• Raising the temperature of the ground to water's melting point will raise water's vapor pressure above the surface pressure of the atmosphere. The atmosphere under the aerogel would be pure water vapor, escaping from the edges (or by blowing holes in the aerogel) and preventing the ambient atmosphere from intruding. Plants won't grow in that.

As for the PFC-generating microbes, fluorine isn't widely available in a form easily biologically processed. You'd have to mine and process it and distribute it in fertilizer.

An actual PFC-generating chemical plant, extracting fluorine from mined minerals, seems likely to be far more effective and vastly cheaper than the equivalent in polar aerogel greenhouses.


"Microbes that are genetically modified to produce perfluorocarbons" do not exist, for good reason.

Carbon is a useful building block for life not only because each atom can form 4 bonds, but also because the building blocks can be taken apart and re-used to form a different compound. That's the whole idea behind the carbon cycle.

Hydrogen and fluorine atoms each make one bond. Either can be used to "cap" an otherwise unfilled bond on a carbon atom, preventing the molecule from extending further in that direction. Because hydrogen is much smaller than carbon, there is plenty of space for enzymes and other chemicals to attack the C-H and C-C bonds, allowing the recycling of carbon atoms mentioned above.

C-H bonds

Hydrogen atoms on a carbon backbone. See the black carbon atoms underneath?

Perfluorocarbons have a bond between a carbon atom and a fluorine atom. The atomic radius of fluorine is slightly larger than carbon, and the C-F bond is particularly short and strong. When an organic compound contains large amounts of fluorine atoms, the fluorine atoms almost perfectly cover the carbon atoms, and it is difficult for any chemical to get in and attack either the C-F or the C-C bonds. Here is the chemical structure of polytetrafluoroethylene, also known as PTFE, Teflon, and Gore-Tex:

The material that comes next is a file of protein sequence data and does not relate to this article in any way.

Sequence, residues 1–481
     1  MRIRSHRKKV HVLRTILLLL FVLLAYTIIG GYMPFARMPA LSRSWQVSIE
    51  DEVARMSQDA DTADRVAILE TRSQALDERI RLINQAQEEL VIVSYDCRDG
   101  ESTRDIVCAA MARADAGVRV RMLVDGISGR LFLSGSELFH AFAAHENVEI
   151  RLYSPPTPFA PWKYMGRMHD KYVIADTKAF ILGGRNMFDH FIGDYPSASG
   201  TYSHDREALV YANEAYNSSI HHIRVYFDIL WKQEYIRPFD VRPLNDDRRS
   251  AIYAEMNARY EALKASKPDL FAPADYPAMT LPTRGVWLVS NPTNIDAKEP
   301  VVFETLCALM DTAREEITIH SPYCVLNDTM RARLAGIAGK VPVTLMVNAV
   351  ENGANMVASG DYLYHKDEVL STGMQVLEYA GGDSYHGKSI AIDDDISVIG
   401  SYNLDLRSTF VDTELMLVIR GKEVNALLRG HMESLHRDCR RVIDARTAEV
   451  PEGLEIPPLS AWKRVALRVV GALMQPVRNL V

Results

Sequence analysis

C-F bonds

We've replaced the hydrogen with fluorine. You can barely see the black carbon atoms in (C).

This explains the chemical, physical, and biological properties of fluorinated polymers. They are practically chemically inert, which is why Teflon is used to make chemical containers. Another object sliding along their surface does not form many intermolecular bonds, which is why Teflon has such low friction. No enzyme or other biologically-produced substance has been shown to degrade fluorinated polymers, which is why Teflon and Gore-Tex are used as implanted materials. Fluorine is added to drinking water and toothpaste because bacteria lack the enzymes to destroy fluorinated tooth enamel.

Because fluorinated polymers are so stable, no biological organism has evolved an enzyme to decompose them. These compounds are thus a biological dead-end; they can't be recycled. Furthermore, there is no point for an organism to evolve enyzmes to synthesize them, either.

You're not going to be able to genetically modify a microorganism to produce perfluorocarbons. There isn't anything even close to an existing enzyme which does that.

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    $\begingroup$ And yet, apparently just such an enzyme does exist in nature. (No, it doesn't perfluorinate anything, but it does demonstrate that forming carbon–fluoride bonds is not only biochemically possible, but even sufficiently advantageous to have evolved naturally.) $\endgroup$ Commented Nov 5, 2020 at 23:23

Leaving aside the question of whether this is desirable, I think the biggest issue is the availability of fluorine.

While Mars is estimated to have more fluorine than Earth, tracing that back to its source confirms that it is quite a weak estimate - it's based on inferring a correlation of fluorine to lithium, and estimating based on lithium abundance in meteorites.

Even if there is a reasonable amount of it around, as the WP article notes, fluorine tends to be found concentrated in particular minerals, rather than more evenly distributed like some other elements.

The most fluoride-rich natural water found on Earth has 50mg/L of fluoride. Let's assume we've lucked out and all of the Martian ice is this rich. A ton of water would contain 50g of fluorine. Assuming we can make 75g of fluorine-rich CFCs from each 50g of fluorine, this suggests that in the best case, each kilo of CFCs would need about thirteen tonnes of ice. A tonne of CFCs would need 13,000 tonnes of ice. And we're looking at needing millions of tonnes of CFCs...

At this point it starts seeming a bit more reasonable to mine for fluoride and synthesise the CFCs.